Outlawing corporal punishment in all N.C. public schools should be an easy call for state lawmakers. Corporal punishment serves no useful purpose. Reams of studies show its an ineffective deterrent to bad behavior and often causes injuries to students. And research shows paddling is disproportionately used on poor children, minorities, students with disabilities and boys.
A first-time report of paddling in N.C. schools presented to the state board of education last month underscores those concerns. To their credit, the majority of N.C. school districts have long banned the antiquated and problematic practice. Charlotte-Mecklenburg banned it more than a decade ago.
But in 2010, 20 of the states 115 N.C. districts were still using the practice. And with continued calls to end the practice altogether, state lawmakers that year required school districts still using it to report on its use. The information is troubling. Students with disabilities are still disproportionately hit though parents of children with disabilities can get their children exempt from paddling. Though children with disabilities represent just 8 percent of the student population, they represent 22 percent of those getting struck.
As concerning, American Indian students are the most likely to be struck. While they comprise less than 2 percent of the student population statewide, they receive about 35 percent of the corporal punishment more than 90 percent of which occurs in Robeson County. In Robeson County, they represent 48 percent of the student population but 81 percent of students paddled.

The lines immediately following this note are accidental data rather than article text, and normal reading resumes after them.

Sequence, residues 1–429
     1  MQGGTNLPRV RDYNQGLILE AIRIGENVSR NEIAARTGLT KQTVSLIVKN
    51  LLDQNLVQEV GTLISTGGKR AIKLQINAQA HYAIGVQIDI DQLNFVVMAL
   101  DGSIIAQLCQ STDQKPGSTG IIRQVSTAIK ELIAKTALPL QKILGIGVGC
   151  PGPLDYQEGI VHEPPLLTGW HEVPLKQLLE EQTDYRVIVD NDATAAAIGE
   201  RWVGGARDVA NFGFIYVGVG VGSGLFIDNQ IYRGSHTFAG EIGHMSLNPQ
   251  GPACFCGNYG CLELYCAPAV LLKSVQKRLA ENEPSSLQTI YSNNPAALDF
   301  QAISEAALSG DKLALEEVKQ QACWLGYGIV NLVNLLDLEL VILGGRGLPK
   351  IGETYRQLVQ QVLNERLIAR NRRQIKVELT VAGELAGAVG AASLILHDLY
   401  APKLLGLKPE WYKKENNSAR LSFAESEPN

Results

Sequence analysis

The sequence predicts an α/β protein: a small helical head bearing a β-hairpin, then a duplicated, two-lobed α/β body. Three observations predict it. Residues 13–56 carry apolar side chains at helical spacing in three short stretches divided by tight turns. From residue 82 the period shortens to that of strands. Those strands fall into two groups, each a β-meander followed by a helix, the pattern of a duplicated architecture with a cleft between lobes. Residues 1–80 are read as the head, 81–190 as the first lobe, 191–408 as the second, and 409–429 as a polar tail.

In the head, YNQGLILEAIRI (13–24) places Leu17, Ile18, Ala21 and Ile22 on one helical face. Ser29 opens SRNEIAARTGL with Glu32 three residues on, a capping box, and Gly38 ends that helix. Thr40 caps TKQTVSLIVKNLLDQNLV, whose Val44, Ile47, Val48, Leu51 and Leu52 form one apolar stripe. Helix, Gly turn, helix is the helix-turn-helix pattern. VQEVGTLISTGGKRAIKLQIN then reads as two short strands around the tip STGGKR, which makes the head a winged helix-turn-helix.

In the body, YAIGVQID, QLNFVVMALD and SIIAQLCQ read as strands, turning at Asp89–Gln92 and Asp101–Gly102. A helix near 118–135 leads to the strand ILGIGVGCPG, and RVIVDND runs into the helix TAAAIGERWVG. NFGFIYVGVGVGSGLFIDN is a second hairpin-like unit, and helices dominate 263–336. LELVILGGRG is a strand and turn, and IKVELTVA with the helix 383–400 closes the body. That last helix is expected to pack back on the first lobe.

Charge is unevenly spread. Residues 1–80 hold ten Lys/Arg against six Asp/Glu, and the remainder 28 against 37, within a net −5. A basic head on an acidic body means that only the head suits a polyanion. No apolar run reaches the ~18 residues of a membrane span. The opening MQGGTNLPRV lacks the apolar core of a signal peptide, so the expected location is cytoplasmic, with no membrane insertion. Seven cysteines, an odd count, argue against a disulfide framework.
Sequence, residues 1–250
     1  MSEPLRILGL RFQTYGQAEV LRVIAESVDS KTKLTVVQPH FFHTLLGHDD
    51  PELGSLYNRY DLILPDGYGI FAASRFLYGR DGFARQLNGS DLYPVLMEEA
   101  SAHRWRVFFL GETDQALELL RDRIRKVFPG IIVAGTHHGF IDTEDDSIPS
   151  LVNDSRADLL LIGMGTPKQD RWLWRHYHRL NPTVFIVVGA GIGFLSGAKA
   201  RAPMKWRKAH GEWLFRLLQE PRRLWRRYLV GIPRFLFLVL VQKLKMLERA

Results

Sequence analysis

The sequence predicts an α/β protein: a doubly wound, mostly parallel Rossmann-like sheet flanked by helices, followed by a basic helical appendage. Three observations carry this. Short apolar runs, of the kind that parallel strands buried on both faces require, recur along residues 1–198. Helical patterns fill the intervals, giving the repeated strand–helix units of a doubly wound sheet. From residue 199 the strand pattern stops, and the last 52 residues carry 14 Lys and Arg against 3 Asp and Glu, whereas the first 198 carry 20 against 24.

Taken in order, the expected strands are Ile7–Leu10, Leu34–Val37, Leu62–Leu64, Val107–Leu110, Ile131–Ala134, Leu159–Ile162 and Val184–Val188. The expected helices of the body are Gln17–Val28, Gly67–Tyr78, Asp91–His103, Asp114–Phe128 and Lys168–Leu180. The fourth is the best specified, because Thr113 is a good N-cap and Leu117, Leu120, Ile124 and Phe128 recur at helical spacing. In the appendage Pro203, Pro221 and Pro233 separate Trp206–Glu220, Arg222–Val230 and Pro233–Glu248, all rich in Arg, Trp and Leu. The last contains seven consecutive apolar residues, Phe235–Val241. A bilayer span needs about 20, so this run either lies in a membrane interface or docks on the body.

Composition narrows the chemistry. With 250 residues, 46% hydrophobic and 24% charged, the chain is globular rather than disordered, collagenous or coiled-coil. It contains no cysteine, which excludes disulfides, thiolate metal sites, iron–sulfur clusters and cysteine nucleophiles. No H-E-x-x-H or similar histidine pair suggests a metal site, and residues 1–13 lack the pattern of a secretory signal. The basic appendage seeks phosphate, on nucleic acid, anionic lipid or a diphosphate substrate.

State law does give individual school districts the right to ban this practice. Thank goodness many have.
But those still clinging to it need a legislative nudge. Thirty-nine states have outlawed corporal punishment. Its time for North Carolina to join that majority.
Protecting the citys trees
Bravo to Charlotte, the city of trees, for fighting to keep hundreds of trees from being whacked just to better show off billboards. City arborist Don McSween and other city leaders understand the importance of the tree canopy to our citys beauty, and so on Friday contested 16 of Adams Outdoor Advertisings 21 applications to fire up the chainsaws.
The legislature targeted trees last year, deciding that 250 feet of clear space (nearly a football fields length) in front of billboards wasnt enough. Now, the city argues that most of Adams proposals violate N.C. Department of Transportation rules. The billboards in question violate other city rules, for example, or target trees that hide views of junkyards or trees that are protected because they were planted as a noise barrier.
The real question, though, is why McSween is having to wage this fight at all. There has been much hand-wringing over the fact that a new state law doesnt give local governments authority to enforce their own ordinances. Overlooked in that debate, though, is that the law doesnt explicitly come down one way or the other on that question. DOT officials, not state law, made the rule neutering the locals.
The DOT should change that rule, and legislators should amend the law when they return in May.